On Monday evening, President Obama spoke on the military action in Libya. Contained in his speech are the markings of developing Obama Doctrine. I wrote a post yesterday examining what that means. You can read it here.
After sleeping on it, I think I have figured out what really bothered me about his speech. It, of course, comes in the section where he outlines how he perceives American leadership. He says,
Let me close by addressing what this action says about the use of America’s military power, and America’s broader leadership in the world, under my presidency.
There will be times, though, when our safety is not directly threatened, but our interests and values are. Sometimes, the course of history poses challenges that threaten our common humanity and common security – responding to natural disasters, for example; or preventing genocide and keeping the peace; ensuring regional security, and maintaining the flow of commerce. These may not be America’s problems alone, but they are important to us, and they are problems worth solving. And in these circumstances, we know that the United States, as the world’s most powerful nation, will often be called upon to help.
In such cases, we should not be afraid to act – but the burden of action should not be America’s alone. As we have in Libya, our task is instead to mobilize the international community for collective action. Because contrary to the claims of some, American leadership is not simply a matter of going it alone and bearing all of the burden ourselves. Real leadership creates the conditions and coalitions for others to step up as well; to work with allies and partners so that they bear their share of the burden and pay their share of the costs; and to see that the principles of justice and human dignity are upheld by all.
I was on my best behavior as I wrote my analysis yesterday, but the honest truth is that I absolutely detest this last paragraph. What enemy of the United States would read or hear those words and not feel emboldened; that their actions may go unpunished.
As I said, something about the wordplay bothered me. Today, I figured out what it was. I dislike his wording, because it contradicts the heart of a historic address by another President.
I never want to be known for only criticizing and not offering a helpful suggestion. So, with that in mind, I offer this; the section of another speech I wish he would have echoed. (Feel free to yell out when you know who is speaking)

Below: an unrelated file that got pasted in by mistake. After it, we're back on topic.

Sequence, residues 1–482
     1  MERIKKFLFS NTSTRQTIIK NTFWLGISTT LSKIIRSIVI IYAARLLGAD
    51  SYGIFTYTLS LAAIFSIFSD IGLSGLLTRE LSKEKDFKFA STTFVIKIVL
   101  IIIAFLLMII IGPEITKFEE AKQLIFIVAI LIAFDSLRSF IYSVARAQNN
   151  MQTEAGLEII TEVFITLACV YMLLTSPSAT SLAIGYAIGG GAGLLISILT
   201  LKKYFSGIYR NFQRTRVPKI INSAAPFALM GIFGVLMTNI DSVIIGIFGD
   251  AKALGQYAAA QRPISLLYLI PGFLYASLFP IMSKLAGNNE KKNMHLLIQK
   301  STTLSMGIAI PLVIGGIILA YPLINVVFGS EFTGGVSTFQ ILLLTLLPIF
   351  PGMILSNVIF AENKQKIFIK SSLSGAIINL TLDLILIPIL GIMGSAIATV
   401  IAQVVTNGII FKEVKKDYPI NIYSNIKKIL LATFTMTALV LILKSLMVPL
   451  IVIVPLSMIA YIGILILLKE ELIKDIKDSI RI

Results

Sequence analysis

...the same revolutionary beliefs for which our forebears fought are still at issue around the globe -- the belief that the rights of man come not from the generosity of the state, but from the hand of God.
We dare not forget today that we are the heirs of that first revolution. Let the word go forth from this time and place, to friend and foe alike, that the torch has been passed to a new generation of Americans -- born in this century, tempered by war, disciplined by a hard and bitter peace, proud of our ancient heritage, and unwilling to witness or permit the slow undoing of those human rights to which this nation has always been committed, and to which we are committed today at home and around the world.
Let every nation know, whether it wishes us well or ill, that we shall pay any price, bear any burden, meet any hardship, support any friend, oppose any foe, to assure the survival and the success of liberty.
This much we pledge -- and more.
To those old allies whose cultural and spiritual origins we share, we pledge the loyalty of faithful friends. United there is little we cannot do in a host of cooperative ventures. Divided there is little we can do -- for we dare not meet a powerful challenge at odds and split asunder.
To those new states whom we welcome to the ranks of the free, we pledge our word that one form of colonial control shall not have passed away merely to be replaced by a far more iron tyranny. We shall not always expect to find them supporting our view. But we shall always hope to find them strongly supporting their own freedom -- and to remember that, in the past, those who foolishly sought power by riding the back of the tiger ended up inside.
To those people in the huts and villages of half the globe struggling to break the bonds of mass misery, we pledge our best efforts to help them help themselves, for whatever period is required -- not because the Communists may be doing it, not because we seek their votes, but because it is right. If a free society cannot help the many who are poor, it cannot save the few who are rich.
Those are the words of President John F. Kennedy at his inaugauration. Read the whole speech here.
In his speech, he talked of the need to strengthen the UN, the need to negotiate with others and the need to always seek peace where possible. But he made it clear to our Communist enemies where he stood. We can fault some early missteps during his Presidency, but this speech was a highpoint.
I want our President to make it clear to the oppressors that they should no longer expect to have free reign to terrorize the citizens of the world. That America will lead the charge toward a better world that will not abide the trampling of liberty in any its hidden corners. We will always strive to lead the community of nations against tyranny in all its forms wherever they exist, but America will never backdown from acting alone in the service of our own liberty and security.
That's what I wish he would have said.